The drug game is one business I definitely do not ever want to invest in. While watching  FX’s new drama, Snowfall, I quickly discovered that it’s an alluring, but extremely dangerous trap. Today, with the advent of technology, transactions are seemingly more covert than ever, making the drug world seem safer to jump into, and make a quick bit of cash. In the 1980s, that illusion existed in no way, but people were still hungry, and daring enough, to play in the sinking sands—often times, to their detriment.

Snowfall fictionally documents the horrors of selling “snow” (crack cocaine), during the gritty decade of the ‘80s, in Los Angeles, California. The series follows three main characters through a devastating 10 episode descent into drug hell. And believe me, they each feel the heat of their actions immensely.

The show opens with Franklin Saint (played by Damson Idris), a sweet, caring, young (19, maybe 20-year-old) black guy who is sort of straight-laced (he respects his mother, holds down a regular job at a local corner store, but sells a bit of weed on the side), but wants more for his life so badly, that he is more than willing to sacrifice every bit of his clean-cut reputation, in exchange for a financial come-up.

Shortly after meeting Franklin, we’re introduced to Gustavo “El Oso” Zapata (Sergio PerisMencheta), a wrestler that gets caught-up with a crime family and, literally, gets blood on his hands that he can’t clean off.

And finally, we run into Teddy McDonald (Carter Hudson), a shady CIA Operative whose storyline is very mysterious and honestly left me confused AF (a character in the final episode asks Teddy, “Who the fuck are you?” and I found myself still befuddled after his reply).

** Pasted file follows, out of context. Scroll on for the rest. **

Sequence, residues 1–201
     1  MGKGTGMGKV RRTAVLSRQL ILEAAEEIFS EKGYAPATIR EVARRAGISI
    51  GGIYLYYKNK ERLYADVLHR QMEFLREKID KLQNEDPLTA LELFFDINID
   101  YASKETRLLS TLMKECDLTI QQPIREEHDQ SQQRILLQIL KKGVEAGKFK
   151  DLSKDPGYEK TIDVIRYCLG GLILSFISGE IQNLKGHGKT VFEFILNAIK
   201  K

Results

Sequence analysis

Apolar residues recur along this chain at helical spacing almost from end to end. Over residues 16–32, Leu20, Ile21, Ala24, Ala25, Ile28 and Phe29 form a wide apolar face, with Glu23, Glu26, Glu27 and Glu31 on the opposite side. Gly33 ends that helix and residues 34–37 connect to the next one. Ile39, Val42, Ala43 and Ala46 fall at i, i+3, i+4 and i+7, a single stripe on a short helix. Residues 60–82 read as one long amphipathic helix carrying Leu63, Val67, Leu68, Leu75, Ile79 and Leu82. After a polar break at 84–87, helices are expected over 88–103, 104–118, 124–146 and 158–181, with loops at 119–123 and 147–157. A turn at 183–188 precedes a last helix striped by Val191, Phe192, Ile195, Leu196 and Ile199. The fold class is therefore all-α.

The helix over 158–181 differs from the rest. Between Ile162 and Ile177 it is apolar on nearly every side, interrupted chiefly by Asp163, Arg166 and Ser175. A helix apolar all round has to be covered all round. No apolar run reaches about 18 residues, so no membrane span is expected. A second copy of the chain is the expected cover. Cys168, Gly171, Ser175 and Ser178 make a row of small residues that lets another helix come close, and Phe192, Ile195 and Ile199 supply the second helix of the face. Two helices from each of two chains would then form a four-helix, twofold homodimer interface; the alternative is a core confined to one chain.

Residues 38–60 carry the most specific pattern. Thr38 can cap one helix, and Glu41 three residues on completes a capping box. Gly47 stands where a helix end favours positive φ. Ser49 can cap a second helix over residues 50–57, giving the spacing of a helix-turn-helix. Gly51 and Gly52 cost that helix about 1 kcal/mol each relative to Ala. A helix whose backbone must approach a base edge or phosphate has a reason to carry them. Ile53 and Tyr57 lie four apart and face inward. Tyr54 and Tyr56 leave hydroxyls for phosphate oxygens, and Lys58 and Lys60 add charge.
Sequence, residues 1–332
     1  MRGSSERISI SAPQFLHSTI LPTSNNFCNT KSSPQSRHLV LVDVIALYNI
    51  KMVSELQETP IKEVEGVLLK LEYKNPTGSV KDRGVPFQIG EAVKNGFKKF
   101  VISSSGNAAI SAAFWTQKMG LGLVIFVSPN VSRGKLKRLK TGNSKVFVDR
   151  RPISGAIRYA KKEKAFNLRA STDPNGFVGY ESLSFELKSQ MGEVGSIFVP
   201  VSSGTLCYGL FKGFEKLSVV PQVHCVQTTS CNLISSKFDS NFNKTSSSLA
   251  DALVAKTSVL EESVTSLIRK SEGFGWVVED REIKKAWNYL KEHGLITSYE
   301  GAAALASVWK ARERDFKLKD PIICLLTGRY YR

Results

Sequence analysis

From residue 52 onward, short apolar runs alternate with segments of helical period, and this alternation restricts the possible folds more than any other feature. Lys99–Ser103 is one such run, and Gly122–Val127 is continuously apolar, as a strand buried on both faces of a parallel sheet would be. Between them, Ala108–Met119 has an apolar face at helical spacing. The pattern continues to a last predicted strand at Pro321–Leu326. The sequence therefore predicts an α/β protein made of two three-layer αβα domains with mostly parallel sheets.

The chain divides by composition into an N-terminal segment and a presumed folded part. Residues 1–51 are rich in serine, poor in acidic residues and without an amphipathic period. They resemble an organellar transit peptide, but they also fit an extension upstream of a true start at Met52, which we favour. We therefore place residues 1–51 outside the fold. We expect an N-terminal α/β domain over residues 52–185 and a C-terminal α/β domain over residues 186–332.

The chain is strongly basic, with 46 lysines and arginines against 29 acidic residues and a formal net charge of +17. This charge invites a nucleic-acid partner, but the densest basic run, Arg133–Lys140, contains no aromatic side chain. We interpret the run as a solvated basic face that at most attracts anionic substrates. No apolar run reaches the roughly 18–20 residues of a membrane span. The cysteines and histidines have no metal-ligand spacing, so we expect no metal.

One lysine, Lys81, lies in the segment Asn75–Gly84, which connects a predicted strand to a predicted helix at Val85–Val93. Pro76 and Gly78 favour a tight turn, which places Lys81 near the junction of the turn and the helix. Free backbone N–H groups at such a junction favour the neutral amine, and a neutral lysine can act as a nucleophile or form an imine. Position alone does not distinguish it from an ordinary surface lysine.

Malcolm Mays, Damson Idris, & Isaiah John in ‘Snowfall’ | Mark Davis/FX
Malcolm Mays, Damson Idris, & Isaiah John in ‘Snowfall’ | Mark Davis/FX

Throughout the series, the three characters’ stories subtly intertwine with one another, but never, interestingly, completely meet. I found this to be fascinating, but I can see most viewers growing frustrated at the constant near meeting of plot lines. However, what they do definitely all connect with, is the selling of crack cocaine.

Snowfall is not a walk in the park to watch. It is often heartbreaking and terrifying watching the main players, and their supporting members, fall deeper and deeper into more and more mess. But yet, it’s also extremely satisfying.

The series is co-created, executive produced, and (sometimes) directed and written by a guy who knows a thing-or-two about telling rough stories based in California, John Singleton. And by the language, cinematography, immersive sets, and caliber of actors, he seemed to have approached the show with the same depth as he has delivered in his past classic feature films. The result is hour after hour of deeply moving television that will leave you begging for more.

With that said, Snowfall is far from exemplary. There are a few episodes that fall flat, asking the viewer to push through in hopes that it picks up again. And the characters are so relentless in their pursuits for drug fame and fortune, that they begin to feel unbelievable. But even with those flaws, the performances and direction are so great that it’s quite difficult to give up on the show.

Overall, Snowfall is worth your time. It’s solid television with diverse characters that packs more depth than mostly anything else currently being broadcasted this summer. It will also deter you from ever considering drug selling to be your financial calling card. It ain’t all what it’s “cracked” up to be. Snowfall makes that very clear.

Snowfall (2017)
Created by John Singleton & Eric Amadio and Dave Andron
Stars Damson Idris, Sergio Peris-Mencheta, Carter Hudson, Emily Rios
Rating TV MA